Pauline Cafferkey, the Scottish nurse who nearly died twice from Ebola, has said government health watchdogs were entirely responsible for the “catalogue of errors” that led to her being accused of putting the public at risk.
Just days after she was cleared of bringing the nursing profession into disrepute, she said the screening for potential Ebola infection at Heathrow airport was chaotic. Officials manning the special screening room could not cope with the numbers of NHS volunteers returning from lifesaving work in Sierra Leone and ran out of kits.
Public Health England breached its own rules when it allowed returning medics to take each other’s temperature, she said. When she alerted them to her elevated temperature, Cafferkey was unable to contact the infectious disease expert on call because it had the wrong number.
“I went out there to help save lives but I came back to a system that failed. I was made a scapegoat for a catalogue of errors. PHE were entirely responsible,” she told the Mail on Sunday. “They – not me – put public lives at risk by allowing me to fly (back to Scotland) before they had an opinion from an infectious diseases official,” she added. Cafferkey contracted Ebola while working as an NHS volunteer in a Save the Children hospital built by the British government at the height of the Ebola epidemic that swept through three west African countries in 2014. She was accused of covering up her early symptoms by concealing her elevated temperature by taking paracetamol when she landed at Heathrow.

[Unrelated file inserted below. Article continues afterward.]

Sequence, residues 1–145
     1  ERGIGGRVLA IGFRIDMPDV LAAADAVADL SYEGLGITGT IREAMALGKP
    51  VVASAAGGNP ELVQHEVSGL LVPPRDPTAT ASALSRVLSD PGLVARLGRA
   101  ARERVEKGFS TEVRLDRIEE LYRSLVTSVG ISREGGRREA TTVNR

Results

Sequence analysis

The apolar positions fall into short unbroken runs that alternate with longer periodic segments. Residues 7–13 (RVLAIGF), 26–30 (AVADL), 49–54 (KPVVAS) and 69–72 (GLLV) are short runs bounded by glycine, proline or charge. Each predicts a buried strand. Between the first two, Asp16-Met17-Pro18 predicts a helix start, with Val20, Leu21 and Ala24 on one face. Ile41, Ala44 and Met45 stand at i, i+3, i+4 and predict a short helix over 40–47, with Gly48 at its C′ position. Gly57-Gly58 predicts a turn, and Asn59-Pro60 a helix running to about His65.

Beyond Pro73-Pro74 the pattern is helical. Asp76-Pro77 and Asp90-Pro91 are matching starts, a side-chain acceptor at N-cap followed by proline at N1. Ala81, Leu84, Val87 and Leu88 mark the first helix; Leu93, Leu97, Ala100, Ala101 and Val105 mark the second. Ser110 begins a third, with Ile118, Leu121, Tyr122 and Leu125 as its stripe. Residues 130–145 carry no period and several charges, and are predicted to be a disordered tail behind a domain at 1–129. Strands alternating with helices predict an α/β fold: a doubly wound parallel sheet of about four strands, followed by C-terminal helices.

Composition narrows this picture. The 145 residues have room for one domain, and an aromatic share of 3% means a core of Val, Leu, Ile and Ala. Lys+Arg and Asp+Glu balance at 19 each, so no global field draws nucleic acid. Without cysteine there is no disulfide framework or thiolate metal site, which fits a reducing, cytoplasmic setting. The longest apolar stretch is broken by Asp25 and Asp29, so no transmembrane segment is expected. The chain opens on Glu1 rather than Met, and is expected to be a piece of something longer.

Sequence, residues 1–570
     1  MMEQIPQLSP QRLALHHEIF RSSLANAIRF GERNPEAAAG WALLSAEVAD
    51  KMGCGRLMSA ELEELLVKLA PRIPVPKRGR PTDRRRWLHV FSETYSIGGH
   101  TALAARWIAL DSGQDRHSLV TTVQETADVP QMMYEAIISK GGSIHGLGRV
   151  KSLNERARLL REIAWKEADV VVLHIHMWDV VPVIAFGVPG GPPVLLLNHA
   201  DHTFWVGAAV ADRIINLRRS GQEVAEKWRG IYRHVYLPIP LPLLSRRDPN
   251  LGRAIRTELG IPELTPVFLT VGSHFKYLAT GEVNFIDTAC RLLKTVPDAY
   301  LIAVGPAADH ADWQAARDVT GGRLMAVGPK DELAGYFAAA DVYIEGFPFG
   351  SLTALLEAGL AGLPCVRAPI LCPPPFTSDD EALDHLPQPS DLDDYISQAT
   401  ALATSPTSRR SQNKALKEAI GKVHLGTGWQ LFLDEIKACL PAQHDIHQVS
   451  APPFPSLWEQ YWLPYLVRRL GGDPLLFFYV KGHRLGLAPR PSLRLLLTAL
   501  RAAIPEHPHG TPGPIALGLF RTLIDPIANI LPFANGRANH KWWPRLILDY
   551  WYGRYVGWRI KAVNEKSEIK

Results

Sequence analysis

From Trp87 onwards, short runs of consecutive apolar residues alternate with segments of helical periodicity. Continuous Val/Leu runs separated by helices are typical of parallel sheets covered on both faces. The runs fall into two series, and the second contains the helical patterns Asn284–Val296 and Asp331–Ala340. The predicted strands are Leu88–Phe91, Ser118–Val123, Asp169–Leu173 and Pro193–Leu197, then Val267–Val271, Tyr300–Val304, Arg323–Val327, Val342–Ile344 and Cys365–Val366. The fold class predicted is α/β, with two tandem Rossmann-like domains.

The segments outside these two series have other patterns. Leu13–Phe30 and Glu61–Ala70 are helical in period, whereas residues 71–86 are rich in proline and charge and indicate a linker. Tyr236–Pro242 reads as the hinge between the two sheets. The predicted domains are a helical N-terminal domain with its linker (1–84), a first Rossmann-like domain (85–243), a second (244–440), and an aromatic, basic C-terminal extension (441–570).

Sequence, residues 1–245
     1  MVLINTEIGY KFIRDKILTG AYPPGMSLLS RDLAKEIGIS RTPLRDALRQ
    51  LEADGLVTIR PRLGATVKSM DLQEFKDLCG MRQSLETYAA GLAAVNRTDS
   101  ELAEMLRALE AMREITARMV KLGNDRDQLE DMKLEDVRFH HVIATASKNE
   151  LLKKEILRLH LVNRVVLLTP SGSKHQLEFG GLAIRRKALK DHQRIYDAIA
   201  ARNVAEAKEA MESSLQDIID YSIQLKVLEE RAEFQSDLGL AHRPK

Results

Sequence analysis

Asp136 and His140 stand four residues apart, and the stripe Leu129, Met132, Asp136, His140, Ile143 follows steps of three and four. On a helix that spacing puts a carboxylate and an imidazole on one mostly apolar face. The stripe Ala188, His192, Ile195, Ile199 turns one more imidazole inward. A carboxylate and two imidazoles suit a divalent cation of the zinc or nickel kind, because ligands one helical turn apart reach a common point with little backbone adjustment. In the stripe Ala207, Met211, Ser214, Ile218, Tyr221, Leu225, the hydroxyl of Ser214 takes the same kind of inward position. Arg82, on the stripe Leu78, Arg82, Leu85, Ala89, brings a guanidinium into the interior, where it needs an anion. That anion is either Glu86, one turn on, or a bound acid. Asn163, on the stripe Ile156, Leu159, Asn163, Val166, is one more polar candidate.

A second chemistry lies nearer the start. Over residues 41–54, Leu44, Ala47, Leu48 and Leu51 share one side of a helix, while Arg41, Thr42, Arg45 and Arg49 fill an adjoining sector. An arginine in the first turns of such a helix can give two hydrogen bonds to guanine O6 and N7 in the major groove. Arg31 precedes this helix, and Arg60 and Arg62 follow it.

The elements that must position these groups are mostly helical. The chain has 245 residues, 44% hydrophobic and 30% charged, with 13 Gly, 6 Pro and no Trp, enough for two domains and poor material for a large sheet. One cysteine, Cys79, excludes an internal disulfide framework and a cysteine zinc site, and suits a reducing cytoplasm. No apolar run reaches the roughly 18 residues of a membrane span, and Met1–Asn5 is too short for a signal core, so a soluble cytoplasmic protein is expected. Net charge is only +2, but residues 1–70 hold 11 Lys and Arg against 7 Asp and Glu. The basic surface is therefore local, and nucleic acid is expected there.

Speaking freely for the first time since the investigation and professional conduct hearing concluded, Cafferkey hit back at her accusers and said she had been “hung out to dry” as part of an attempt to conceal their mistakes. “It’s been awful being thought of as dishonest. It’s like my reputation has been destroyed even though I knew I had done nothing wrong,” the nurse said.
She said she was feeling fine at Heathrow but the screening system could not cope with the arrival of 50 medics returning home from Sierra Leone. “I would like to say something positive about the screening unit, but I can’t. They were not prepared. There weren’t enough screening kits. It was hot, busy and disorganised.”
Cafferkey and a group of others were told they could take each other’s temperatures in a side room, in a breach of PHE rules. A doctor in her group found her temperature to be above the normal 37C (98.6F) – at 38.2C and then 38.3C.

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